Washington, DC - The former CEO of the Israel-based company Yukom Communications, a purported sales and marketing company, was found guilty yesterday for orchestrating a scheme to defraud investors in the United States and worldwide by fraudulently marketing approximately $145 million in financial instruments known as “binary options.”
Lee Elbaz, 38, a citizen of Israel, was found guilty after a three-week jury trial of one count of conspiracy to commit wire fraud and three counts of wire fraud. Sentencing is scheduled for Dec. 9, 2019, before U.S. District Judge Theodore D. Chuang of the District of Maryland, who presided over the trial. Elbaz was arrested on a criminal complaint in September 2017 and indicted in March 2018.
“This verdict demonstrates that the Department will hold accountable those who deceive American investors with false claims and rates of returns,” said Assistant Attorney General Brian A. Benczkowski of the Justice Department’s Criminal Division. “We are committed to prosecuting financial fraud, even when perpetrated from abroad.”
“I would like to commend the FBI agents, analysts and our DOJ colleagues for their hard work to seek justice for the victims of Lee Elbaz’s fraud,” said Acting Assistant Director in Charge of the FBI's Washington Field Office, John P. Selleck. “We would not be successful in our work if not for our partners around the world; and this investigation demonstrates that no matter where fraudsters and criminals try to hide, we will work tirelessly to locate them.”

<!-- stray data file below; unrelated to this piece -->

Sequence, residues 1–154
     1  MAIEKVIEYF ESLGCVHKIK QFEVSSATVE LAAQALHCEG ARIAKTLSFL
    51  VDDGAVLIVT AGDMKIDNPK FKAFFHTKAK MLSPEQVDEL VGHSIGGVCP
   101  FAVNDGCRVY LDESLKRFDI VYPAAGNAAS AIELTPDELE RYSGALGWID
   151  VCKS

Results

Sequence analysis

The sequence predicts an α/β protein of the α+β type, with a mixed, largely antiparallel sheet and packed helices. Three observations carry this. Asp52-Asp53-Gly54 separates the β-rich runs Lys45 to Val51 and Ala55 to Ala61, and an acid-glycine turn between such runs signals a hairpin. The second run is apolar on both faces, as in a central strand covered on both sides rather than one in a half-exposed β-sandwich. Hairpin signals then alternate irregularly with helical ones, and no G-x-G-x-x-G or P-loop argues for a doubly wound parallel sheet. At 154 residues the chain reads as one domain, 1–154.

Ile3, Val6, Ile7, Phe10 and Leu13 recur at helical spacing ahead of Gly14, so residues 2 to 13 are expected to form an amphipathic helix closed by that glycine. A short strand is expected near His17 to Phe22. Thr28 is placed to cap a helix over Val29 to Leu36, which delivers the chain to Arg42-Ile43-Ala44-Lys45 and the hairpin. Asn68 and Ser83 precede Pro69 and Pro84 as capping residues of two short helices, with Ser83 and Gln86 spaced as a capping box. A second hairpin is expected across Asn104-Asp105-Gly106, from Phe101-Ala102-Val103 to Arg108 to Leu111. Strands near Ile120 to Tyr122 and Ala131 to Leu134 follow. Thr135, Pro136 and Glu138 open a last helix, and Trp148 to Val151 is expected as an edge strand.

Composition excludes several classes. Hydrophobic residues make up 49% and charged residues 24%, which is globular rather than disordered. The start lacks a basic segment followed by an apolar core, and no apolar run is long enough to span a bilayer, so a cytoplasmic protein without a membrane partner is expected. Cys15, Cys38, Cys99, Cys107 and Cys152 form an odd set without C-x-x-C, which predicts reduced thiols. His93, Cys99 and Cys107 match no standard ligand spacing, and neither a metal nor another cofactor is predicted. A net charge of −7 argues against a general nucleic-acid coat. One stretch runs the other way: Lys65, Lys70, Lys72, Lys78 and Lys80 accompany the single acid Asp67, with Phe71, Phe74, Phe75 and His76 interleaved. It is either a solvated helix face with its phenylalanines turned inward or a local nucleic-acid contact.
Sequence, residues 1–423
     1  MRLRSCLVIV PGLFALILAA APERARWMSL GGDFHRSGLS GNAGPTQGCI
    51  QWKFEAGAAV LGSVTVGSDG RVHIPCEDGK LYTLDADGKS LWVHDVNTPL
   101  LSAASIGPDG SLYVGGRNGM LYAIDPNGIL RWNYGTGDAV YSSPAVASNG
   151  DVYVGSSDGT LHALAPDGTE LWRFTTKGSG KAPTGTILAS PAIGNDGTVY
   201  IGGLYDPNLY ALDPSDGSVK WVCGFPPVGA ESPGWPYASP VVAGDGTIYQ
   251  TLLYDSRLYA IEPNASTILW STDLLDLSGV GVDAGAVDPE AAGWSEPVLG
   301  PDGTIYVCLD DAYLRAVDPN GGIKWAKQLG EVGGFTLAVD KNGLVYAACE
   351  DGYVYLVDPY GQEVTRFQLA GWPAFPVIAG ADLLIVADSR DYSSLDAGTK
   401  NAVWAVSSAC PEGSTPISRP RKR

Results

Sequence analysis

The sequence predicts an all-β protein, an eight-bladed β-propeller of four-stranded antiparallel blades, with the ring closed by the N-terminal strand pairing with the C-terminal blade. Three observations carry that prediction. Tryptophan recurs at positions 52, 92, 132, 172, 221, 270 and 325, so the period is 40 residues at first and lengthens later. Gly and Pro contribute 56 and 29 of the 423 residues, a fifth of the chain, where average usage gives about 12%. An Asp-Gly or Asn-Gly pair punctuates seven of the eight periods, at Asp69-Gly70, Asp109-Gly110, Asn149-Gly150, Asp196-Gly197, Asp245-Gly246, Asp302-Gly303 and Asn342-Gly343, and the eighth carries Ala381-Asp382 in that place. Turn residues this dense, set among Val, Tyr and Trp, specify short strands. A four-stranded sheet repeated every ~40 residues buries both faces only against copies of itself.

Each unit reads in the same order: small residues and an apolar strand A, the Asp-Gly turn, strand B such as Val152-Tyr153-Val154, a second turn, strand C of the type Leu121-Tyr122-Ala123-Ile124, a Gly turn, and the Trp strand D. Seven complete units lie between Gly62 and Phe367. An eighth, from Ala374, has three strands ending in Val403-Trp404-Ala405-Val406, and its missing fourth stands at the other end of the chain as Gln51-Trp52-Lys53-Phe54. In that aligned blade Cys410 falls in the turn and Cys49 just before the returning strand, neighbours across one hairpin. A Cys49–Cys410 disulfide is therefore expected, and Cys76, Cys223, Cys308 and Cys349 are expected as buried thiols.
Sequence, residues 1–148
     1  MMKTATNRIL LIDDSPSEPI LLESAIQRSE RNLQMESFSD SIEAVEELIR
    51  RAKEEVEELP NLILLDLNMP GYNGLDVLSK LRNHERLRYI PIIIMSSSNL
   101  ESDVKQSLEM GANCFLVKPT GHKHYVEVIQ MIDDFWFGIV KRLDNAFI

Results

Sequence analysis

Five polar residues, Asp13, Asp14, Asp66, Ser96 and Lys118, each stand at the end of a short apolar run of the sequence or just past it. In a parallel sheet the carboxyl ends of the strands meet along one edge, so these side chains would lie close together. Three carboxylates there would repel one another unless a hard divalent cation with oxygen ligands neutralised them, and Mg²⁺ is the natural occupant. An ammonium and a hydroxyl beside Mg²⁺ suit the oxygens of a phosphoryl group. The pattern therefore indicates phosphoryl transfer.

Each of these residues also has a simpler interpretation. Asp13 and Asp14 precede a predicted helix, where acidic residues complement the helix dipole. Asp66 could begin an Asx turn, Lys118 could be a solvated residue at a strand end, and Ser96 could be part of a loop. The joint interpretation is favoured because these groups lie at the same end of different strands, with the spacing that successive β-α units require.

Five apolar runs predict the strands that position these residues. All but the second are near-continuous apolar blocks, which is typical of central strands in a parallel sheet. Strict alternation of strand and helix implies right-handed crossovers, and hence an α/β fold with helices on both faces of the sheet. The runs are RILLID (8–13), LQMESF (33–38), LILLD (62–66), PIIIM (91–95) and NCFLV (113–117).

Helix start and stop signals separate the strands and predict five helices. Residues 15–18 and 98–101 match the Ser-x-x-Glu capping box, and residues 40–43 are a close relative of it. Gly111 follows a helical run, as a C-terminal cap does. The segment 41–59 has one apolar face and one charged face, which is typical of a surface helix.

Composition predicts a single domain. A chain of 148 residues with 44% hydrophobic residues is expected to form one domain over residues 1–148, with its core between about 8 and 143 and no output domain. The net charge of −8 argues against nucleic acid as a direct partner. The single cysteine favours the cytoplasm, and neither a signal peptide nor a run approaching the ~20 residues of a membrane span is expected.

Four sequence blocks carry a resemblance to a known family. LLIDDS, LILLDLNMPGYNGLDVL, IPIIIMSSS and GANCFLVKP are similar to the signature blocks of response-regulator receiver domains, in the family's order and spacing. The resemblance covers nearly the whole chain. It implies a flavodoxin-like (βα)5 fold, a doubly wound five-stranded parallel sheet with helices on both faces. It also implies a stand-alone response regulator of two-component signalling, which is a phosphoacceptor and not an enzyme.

According to the evidence presented at trial, the defendant and her co-conspirators fraudulently sold and marketed binary options to investors located in the United States and throughout the world through two websites, known as BinaryBook and BigOption. The evidence showed that in her role as CEO of Yukom, Elbaz, along with her co-conspirators and subordinates, misled investors using BinaryBook and BigOption by falsely claiming to represent the interests of investors when, in fact, the owners of BinaryBook and BigOption profited when investors lost money; by misrepresenting the suitability of and expected return on investments through BinaryBook and BigOption; by providing investors with false names and qualifications and falsely claiming to be working from London; and by misrepresenting whether and how investors could withdraw funds from their accounts. Representatives of BinaryBook and BigOption, working under Elbaz’s supervision, misrepresented the terms of so-called “bonuses,” “risk free trades” and “insured trades,” and deceptively used these supposed benefits in a manner that in fact harmed investors, the evidence showed.
This case was investigated by the FBI’s Washington Field Office. Principal Assistant Chief Henry Van Dyck and Trial Attorneys L. Rush Atkinson and Caitlin Cottingham of the Criminal Division’s Fraud Section are prosecuting the case. Assistant Chief Tracee Plowell and Trial Attorney Ankush Khardori previously prosecuted the case.